BOISE — Almost everything was canceled at last year’s Western Idaho Fair. No rides, no food, no entertainment.
4-H competitions carried on, but without the typical hoopla, “it was kind of eerie,” 4-H extension educator Allen Taggart said.
This year, the fair is back without specific restrictions. One of Expo Idaho Director Bob Batista’s favorite parts of the fair is people-watching. He’ll get the chance to do that again this year.
“In particular, the little kids,” Batista said, “because it's so much fun to see them get excited and have cotton candy on their face. That's the real part that makes me tick.”
The fair kicks off Friday and runs through Aug. 29. Concerts, entertainment, rides, competitions and concessions are all returning to the docket. The return of the fair has led to extra buzz, Batista and Taggart said. That’s reflected in the increased ticket sales leading up to the event compared to previous years, Batista said.
“The energy is back for sure. You definitely could tell the excitement is there,” Taggart said. “It’s almost like riding a bike. It’s like, ‘Oh I haven’t done this in a year.’ But now that we’re all back in full swing, it feels good.”
The fair is set to take place as the delta variant of COVID-19 has spread rapidly throughout the area. Idaho hospitals are “completely stressed,” state health officials have stated this week.
Some people have dropped out from 4-H competitions, Taggart said, but most are still excited.
Though Central District Health hasn’t placed restrictions on the fair, Batista said, there will be hand sanitizer and extra hand-washing stations available. There are less booths and entertainment locations to allow for more space. Masks are encouraged but not required and extra masks will be available for people who didn’t bring one.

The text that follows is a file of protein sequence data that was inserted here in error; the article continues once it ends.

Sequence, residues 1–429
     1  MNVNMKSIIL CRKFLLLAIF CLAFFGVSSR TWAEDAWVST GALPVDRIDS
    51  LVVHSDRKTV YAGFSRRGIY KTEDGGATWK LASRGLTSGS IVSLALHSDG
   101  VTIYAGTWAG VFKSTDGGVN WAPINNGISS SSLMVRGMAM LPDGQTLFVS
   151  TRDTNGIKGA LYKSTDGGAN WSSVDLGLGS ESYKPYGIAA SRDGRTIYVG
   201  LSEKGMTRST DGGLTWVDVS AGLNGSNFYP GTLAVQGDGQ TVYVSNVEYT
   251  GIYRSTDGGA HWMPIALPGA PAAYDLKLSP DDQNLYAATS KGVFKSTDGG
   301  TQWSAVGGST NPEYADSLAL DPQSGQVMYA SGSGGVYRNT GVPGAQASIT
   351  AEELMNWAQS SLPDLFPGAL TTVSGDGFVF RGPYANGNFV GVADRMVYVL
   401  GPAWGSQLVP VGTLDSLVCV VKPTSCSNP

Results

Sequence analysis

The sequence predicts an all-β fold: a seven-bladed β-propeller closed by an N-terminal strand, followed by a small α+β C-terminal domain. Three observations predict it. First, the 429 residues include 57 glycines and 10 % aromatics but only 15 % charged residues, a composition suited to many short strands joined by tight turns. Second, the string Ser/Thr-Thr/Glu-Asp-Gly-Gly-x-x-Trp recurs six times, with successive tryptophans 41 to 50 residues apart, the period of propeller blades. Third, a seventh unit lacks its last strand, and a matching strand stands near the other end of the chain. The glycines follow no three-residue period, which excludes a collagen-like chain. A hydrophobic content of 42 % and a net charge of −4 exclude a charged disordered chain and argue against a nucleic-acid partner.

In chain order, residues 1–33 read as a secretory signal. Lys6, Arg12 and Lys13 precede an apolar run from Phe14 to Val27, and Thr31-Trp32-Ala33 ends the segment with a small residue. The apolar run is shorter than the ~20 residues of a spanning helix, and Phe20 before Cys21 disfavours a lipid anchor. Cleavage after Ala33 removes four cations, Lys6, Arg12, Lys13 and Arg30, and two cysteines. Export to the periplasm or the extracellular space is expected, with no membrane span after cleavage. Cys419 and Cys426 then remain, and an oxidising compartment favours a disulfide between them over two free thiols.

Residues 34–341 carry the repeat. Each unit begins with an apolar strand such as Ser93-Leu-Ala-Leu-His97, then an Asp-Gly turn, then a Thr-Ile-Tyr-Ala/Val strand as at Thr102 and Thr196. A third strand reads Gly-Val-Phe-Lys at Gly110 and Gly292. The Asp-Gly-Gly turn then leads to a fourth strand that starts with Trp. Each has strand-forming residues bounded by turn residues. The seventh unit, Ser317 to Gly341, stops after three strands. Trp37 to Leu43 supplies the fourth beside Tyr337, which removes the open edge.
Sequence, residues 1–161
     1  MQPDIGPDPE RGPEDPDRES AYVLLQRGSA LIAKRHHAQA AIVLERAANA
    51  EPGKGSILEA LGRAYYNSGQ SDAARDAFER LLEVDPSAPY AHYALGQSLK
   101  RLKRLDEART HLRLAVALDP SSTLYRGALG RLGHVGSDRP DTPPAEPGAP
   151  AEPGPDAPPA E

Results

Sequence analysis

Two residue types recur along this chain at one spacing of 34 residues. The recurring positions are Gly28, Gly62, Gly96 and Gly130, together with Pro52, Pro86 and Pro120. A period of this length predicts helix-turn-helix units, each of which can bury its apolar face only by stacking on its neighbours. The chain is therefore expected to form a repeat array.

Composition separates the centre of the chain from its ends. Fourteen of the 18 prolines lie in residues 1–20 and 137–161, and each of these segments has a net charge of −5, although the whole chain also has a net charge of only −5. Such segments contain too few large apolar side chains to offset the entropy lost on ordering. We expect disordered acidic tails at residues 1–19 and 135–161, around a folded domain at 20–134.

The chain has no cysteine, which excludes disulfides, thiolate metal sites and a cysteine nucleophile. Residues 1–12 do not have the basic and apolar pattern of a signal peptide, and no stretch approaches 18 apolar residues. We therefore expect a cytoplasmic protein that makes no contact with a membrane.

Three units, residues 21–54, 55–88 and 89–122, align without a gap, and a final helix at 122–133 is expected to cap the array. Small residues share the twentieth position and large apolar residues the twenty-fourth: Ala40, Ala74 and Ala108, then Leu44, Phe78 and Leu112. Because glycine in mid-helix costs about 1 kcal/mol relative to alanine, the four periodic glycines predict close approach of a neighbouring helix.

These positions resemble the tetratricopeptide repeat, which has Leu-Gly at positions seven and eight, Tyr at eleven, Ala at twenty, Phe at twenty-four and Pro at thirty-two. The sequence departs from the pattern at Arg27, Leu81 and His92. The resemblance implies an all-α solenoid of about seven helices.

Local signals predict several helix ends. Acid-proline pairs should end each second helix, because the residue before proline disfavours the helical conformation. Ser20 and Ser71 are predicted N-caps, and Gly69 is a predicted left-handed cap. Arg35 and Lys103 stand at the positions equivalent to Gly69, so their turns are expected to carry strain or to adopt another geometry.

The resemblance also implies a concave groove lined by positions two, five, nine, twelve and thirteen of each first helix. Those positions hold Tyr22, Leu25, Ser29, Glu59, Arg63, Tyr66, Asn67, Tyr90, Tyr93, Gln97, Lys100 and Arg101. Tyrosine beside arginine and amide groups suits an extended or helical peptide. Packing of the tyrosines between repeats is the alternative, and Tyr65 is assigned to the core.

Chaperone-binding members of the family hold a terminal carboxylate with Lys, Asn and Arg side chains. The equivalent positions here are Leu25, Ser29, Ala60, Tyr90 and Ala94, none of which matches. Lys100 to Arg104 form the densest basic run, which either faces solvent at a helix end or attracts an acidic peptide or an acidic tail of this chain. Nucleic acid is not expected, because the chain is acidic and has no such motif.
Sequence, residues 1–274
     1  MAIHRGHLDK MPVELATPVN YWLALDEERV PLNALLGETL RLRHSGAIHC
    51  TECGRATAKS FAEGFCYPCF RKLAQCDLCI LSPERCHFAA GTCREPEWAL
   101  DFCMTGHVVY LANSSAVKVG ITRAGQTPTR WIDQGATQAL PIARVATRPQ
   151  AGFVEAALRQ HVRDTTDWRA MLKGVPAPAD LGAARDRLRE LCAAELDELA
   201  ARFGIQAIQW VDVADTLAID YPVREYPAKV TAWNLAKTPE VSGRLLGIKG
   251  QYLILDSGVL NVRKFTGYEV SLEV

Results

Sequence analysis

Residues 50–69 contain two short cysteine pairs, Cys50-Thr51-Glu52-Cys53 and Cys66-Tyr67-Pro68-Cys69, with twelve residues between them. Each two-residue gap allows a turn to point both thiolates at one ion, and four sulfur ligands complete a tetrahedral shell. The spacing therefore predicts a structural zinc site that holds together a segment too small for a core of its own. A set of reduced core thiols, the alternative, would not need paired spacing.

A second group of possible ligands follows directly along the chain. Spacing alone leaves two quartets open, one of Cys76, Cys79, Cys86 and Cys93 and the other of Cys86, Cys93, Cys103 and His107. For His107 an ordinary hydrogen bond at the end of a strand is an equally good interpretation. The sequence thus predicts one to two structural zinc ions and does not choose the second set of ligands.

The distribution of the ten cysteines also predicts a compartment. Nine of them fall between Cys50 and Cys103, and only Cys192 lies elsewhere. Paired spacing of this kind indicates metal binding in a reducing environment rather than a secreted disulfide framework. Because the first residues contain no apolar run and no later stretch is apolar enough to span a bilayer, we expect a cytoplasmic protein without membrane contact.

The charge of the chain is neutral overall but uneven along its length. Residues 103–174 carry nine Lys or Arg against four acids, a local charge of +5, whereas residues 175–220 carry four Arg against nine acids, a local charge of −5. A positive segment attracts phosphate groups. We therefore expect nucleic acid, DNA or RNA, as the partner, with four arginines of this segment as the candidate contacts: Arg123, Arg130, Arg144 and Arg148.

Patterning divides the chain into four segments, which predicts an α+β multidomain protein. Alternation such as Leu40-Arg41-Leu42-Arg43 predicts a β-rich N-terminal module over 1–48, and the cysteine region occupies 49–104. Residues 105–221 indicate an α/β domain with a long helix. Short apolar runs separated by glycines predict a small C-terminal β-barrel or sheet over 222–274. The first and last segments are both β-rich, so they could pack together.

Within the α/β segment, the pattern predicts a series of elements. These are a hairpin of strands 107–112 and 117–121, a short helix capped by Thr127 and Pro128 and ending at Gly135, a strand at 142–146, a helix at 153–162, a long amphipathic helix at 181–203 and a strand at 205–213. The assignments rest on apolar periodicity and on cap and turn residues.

“We've taken quite a few precautions to try and mitigate as much as we can to make people feel comfortable,” Batista said.
Batista compared setting up the fairgrounds to creating a mini city. When coordinating once a year, it can be tough to remember the order in which things need to get done. Setting up for the first time since 2019 has created more challenges, Batista said.
Batista asked people attending to be “kind and courteous” because the fair is short-staffed. He touted the weather conditions for the next week and a half as not too hot and not too cold. With the influx of people moving into the Treasure Valley, Batista said he’s expecting both long-timers and newcomers.
Last year was tough for him not seeing the typical hustle and bustle that comes with the fair. But observing the 4-H competitions was “good for my soul,” Batista said.
Those 4-H competitions are what Batista calls the “heart of the fair.”
Taggart explained the 4-H program is all about hands-on learning. There’s no better example of that than the full fair experience with all the usual commotion that was missing in 2020.
“We’re ready to be back in the swing of things,” Taggart said.